‘UB44’: Signing On With UB40’s Third Album
With the release of their third album, ‘UB44,’ UB40 created a fan favorite and edged towards their patented pop-reggae sound.
Released on September 27, 1982, UB40’s third album found the band at a crossroads. Not for nothing did they call it UB44, after the Department Of Employment form sent to benefits claimants who’d failed to show up to sign on. With the 2 Tone movement past its peak, the likes of Steel Pulse shaping the sound of UK roots reggae, and Musical Youth topping the UK charts with “Pass The Dutchie,” UB40 could be forgiven for feeling somewhat stranded. Their previous two albums were overtly political affairs, attracting both sales and stature while climbing to No.2 in the UK charts, but, after two years of anti-Thatcherite discontent, it was, perhaps, time for a change.
Yet to record the covers that would result in the chart-topping Labour Of Love, the group tested the waters with a nudge towards their patented pop-reggae sound on tracks such as “Don’t Do The Crime” and “Love Is All Right,” the latter of which made it to No.29 in the UK and pointed towards what would come with some of the group’s subsequent efforts. However, the likes of album opener (and No.25 chart entry – the best performing of the three singles lifted from UB44) “So Here I Am” reveals that UB40 had far more experimental tendencies than many remember. Its ping-ponging dub effects and infectious horn lines would make it a high point for many, but, presumably because it didn’t rub along with a cheerful exhortation – à la “Pass The Dutchie” – this far more adventurous track found its way into fewer hands. Still, the album peaked at No.4 in the UK charts, where, in 1982, it became a new entry on October 9; it would go on to enjoy two weeks at the top spot, and a further six in the Top 100.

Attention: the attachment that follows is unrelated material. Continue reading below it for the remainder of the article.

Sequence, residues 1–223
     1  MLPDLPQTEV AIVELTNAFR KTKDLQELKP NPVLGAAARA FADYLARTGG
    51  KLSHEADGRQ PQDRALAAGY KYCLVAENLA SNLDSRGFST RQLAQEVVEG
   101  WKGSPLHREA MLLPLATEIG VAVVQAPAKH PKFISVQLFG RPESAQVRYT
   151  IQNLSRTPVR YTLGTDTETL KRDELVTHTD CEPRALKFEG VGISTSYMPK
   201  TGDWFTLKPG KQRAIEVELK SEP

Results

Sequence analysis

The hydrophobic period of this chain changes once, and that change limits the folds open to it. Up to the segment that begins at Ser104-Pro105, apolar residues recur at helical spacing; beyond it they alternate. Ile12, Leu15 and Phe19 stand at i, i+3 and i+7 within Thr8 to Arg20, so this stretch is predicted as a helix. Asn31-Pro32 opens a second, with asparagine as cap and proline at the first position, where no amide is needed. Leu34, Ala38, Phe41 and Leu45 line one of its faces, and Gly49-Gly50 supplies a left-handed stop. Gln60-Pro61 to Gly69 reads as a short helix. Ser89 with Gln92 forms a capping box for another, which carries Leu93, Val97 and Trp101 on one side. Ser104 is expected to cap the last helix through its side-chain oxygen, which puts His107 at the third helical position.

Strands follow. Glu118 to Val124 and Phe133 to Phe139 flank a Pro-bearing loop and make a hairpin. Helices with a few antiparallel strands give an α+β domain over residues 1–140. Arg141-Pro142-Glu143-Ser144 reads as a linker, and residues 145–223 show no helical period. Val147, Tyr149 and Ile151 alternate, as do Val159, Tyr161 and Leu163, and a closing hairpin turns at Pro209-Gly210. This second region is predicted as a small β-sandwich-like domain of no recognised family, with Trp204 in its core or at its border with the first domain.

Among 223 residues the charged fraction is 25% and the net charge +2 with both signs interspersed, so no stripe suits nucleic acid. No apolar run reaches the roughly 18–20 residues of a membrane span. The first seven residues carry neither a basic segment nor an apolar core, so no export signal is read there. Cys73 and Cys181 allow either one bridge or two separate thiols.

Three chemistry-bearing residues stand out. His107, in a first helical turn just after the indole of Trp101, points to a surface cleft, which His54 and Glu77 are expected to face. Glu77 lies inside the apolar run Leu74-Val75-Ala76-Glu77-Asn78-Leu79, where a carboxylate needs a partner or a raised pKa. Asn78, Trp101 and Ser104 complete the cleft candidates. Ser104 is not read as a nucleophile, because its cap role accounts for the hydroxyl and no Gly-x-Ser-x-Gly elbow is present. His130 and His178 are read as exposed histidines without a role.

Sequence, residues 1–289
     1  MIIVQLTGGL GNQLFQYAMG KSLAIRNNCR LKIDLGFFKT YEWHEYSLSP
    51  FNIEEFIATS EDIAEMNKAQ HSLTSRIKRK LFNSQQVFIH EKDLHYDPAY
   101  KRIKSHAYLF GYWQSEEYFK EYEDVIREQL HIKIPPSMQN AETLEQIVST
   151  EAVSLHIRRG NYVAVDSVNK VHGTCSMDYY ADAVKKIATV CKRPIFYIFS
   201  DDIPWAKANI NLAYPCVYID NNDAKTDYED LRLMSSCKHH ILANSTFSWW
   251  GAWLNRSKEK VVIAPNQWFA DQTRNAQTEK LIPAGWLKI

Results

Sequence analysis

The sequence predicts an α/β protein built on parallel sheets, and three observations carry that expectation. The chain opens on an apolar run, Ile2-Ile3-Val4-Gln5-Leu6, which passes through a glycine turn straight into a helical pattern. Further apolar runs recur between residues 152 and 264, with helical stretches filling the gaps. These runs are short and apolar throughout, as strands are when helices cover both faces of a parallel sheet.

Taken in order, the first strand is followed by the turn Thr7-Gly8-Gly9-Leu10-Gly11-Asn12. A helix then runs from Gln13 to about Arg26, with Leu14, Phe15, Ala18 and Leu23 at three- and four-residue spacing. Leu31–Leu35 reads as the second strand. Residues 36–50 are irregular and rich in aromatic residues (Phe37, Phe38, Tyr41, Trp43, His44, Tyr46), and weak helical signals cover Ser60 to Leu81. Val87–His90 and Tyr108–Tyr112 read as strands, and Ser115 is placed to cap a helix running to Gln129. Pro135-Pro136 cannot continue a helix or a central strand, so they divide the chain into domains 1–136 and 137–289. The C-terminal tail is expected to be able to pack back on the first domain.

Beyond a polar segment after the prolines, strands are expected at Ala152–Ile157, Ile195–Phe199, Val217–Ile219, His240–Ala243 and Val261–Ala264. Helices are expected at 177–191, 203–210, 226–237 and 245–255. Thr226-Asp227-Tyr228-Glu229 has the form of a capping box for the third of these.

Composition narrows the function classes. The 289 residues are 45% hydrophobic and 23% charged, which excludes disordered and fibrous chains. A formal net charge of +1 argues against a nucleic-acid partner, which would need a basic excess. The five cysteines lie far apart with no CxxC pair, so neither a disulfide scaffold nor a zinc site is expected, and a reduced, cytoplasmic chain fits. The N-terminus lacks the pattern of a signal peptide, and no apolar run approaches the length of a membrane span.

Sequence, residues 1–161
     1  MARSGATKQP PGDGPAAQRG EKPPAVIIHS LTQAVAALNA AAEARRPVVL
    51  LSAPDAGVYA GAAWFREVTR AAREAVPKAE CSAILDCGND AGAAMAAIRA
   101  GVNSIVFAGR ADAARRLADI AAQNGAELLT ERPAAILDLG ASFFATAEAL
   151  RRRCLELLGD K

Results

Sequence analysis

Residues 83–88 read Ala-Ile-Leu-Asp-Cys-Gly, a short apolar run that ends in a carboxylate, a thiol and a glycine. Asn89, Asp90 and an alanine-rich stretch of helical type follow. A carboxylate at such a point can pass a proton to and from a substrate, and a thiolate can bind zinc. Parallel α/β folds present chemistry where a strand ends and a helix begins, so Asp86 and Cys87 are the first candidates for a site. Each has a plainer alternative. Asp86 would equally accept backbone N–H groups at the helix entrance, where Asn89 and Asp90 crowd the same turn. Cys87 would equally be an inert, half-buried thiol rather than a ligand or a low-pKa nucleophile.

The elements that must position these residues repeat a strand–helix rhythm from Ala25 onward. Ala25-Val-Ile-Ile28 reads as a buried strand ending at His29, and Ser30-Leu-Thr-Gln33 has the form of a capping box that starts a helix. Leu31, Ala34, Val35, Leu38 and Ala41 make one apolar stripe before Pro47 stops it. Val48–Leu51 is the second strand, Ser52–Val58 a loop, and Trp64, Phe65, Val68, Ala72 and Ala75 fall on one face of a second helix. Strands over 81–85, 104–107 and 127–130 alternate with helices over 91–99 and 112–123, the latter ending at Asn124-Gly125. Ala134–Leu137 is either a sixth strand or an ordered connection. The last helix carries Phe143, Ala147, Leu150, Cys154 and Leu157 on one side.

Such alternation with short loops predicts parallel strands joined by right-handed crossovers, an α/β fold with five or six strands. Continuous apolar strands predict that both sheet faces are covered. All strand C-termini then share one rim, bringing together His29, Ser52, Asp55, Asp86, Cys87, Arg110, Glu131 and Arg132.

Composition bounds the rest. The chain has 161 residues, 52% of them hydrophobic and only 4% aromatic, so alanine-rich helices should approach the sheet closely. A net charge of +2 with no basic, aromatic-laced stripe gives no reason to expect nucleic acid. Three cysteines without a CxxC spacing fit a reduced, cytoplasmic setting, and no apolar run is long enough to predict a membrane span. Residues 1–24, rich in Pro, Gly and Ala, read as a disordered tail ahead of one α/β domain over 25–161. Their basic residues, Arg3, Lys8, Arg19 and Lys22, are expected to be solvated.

In hindsight, UB40 were probably always going to hit upon Labour Of Love’s chart-friendly balance of pop hooks and reggae bounce; much of UB44 lit the path, they just had to follow it. But the album also offers a tantalizing “what if?”: had the group committed more to their left-field leanings, would their career have taken a different shape? What’s undeniable is that UB40 were well on the way to ensuring they’d never have to sign on again.